Downtown Alliance executive director departs
After a dozen years of serving as a successful downtown advocate and even becoming a reliable fixture in the district in her own right, Sharon Evoy is leaving her long-held position as executive director of the Downtown Alliance.
A better “mid-sized American city”
The alliance will be phased out over the next several months, as the new Downtown Grand Rapids Inc. begins to play a more prominent role in the sector, and the alliance’s current board members move to similar positions with the Downtown Improvement District.
“Sharon helped build the strong foundation that now supports the remarkable growth in our neighborhood and downtown business districts,” said Bob Partridge, alliance chairman.
“Under her leadership, Grand Rapids has become a more attractive, more exciting and more prosperous mid-sized American city,” Partridge added. “We thank her for her excellent service and wish her the best in future endeavors.”
Evoy came to the alliance when it started, back in 2001. She told the Business Journal in a email that a number of things have stood out for her over the last 12 years.
One was being able to work very effectively with the board members and Nicole Weichelt, the alliance’s marketing coordinator, who all impressed her with their passion for downtown. Weichelt is also leaving the alliance after six years of handling the marketing efforts.
Another was the Downtown Alliance’s cleaning crew. Evoy said those guys in the green shirts led by Lonnie Theobald made an impression on her that she won’t soon forget, because they took their jobs seriously. They got out there early six mornings every week in all kinds of weather, just to pick up after the rest of us and took pride in doing so.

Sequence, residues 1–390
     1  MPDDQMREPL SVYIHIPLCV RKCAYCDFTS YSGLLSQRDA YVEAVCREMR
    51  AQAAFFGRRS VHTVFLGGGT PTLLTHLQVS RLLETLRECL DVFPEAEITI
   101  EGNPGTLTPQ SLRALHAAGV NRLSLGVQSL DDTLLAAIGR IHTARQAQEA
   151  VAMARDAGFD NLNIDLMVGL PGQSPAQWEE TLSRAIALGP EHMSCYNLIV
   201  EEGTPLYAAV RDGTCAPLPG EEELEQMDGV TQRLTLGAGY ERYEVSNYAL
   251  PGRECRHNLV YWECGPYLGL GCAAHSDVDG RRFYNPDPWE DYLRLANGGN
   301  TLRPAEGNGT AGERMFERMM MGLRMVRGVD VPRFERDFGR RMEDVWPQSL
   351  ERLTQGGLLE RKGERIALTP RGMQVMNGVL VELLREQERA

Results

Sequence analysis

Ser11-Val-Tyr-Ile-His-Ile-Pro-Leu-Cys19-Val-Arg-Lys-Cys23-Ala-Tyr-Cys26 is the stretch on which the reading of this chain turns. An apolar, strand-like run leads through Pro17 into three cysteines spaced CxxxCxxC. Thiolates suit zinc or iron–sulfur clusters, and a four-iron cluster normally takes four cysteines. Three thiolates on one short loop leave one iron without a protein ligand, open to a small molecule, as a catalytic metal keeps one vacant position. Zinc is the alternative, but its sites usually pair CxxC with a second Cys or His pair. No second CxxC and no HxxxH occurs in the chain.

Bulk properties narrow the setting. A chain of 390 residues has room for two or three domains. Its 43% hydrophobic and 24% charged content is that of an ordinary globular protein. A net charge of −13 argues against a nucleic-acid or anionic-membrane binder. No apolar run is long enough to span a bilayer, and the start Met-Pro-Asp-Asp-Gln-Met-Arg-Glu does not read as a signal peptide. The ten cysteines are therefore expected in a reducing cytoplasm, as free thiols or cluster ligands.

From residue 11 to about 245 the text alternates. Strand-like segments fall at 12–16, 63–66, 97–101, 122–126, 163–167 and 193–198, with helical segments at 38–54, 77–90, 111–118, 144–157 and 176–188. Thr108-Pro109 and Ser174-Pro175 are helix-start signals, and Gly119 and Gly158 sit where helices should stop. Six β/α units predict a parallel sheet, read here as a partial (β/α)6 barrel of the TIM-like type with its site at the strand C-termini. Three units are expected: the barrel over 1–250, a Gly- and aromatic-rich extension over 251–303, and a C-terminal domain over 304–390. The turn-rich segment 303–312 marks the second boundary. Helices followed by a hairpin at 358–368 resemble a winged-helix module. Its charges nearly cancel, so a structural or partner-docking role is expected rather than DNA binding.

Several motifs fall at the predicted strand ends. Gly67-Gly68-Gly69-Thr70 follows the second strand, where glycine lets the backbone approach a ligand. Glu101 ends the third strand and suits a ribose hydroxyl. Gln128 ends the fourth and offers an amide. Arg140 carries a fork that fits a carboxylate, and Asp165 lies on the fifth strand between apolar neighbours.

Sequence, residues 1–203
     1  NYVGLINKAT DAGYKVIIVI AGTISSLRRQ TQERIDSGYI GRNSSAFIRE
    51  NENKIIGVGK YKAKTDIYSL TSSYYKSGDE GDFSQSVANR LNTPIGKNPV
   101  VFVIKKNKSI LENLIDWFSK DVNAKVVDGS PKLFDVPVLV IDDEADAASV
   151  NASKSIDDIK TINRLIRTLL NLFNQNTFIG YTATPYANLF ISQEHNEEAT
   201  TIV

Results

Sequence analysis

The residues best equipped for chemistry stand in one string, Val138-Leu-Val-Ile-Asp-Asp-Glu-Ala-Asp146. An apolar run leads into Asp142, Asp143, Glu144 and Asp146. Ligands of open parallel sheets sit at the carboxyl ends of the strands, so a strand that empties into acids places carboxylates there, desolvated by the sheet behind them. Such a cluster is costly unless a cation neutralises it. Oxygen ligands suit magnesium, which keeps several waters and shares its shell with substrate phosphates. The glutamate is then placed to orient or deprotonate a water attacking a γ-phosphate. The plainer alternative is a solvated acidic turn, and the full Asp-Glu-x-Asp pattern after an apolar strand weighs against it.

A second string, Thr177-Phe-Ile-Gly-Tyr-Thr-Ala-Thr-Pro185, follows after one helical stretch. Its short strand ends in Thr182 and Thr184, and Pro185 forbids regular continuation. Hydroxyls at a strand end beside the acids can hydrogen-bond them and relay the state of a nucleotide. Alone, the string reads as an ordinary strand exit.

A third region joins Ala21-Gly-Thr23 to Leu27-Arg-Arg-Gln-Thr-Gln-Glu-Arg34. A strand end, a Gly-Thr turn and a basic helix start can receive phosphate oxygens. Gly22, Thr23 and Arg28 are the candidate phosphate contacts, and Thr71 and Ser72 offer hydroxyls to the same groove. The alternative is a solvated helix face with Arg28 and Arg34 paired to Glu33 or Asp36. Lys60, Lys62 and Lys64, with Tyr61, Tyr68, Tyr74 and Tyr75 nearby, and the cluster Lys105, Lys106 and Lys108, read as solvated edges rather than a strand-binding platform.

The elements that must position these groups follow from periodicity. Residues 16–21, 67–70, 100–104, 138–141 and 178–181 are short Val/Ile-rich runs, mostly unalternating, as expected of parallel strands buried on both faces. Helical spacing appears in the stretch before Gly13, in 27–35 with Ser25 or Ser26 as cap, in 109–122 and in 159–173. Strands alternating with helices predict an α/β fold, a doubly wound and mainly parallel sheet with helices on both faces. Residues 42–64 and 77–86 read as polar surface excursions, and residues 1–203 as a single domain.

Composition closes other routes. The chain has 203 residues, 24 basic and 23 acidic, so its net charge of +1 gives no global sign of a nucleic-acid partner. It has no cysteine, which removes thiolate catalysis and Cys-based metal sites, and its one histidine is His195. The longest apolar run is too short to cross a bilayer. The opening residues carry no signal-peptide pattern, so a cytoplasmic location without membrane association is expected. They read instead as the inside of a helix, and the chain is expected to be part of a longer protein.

But what she said she’ll remember the most about her time at the alliance is the dramatic increase in the number of people that come downtown now, compared to when she started.
“This is a very different downtown than it was 12 years ago,” Evoy said. “We’ve worked to create a place where people want to be: whether they want to visit, meet friends, live or invest here. If West Michigan feels comfortable in downtown Grand Rapids and is proud of it, we’ve done our job.”
It was difficult for Evoy to choose the downtown event that brought her the most satisfaction. She remembered being utterly amazed when Rob Bliss’ first zombie walk drew over 5,000 of the undead to Rosa Parks Circle. She expressed the same sentiment for the first ArtPrize competition that Rick DeVos threw together. There also was Grandwich, Blues on the Mall, LipDub, the New Year’s Eve ball drop, line dancing and many more, as Evoy’s list was long.
“Well, personally, my favorite event was when Twayne and I got married downtown five years ago. But I don’t think that is what you’re looking for,” she said.
Evoy came to the alliance after she served as executive director of the Neighborhood Specialist Program for a dozen years. NSP was part of the Grand Rapids Area Chamber of Commerce, the Neighborhood Business Alliance and the city, and she helped organize, promote and market the city’s 20 neighborhood business districts during her tenure there.
After 24 years of working closely with the city’s business owners in every nook and cranny that is Grand Rapids, Evoy isn’t certain what she’ll be doing for the next dozen years.
“That’s the million-dollar question,” Evoy said. “There were opportunities for me to continue with DGRI, but those weren’t exactly the right opportunities for me at this point in my career.
“This is a good time to stop, relax a bit and be intentional about what I do next,” she added. “Change is invigorating, and I can’t help but get excited about having a wide-open future.”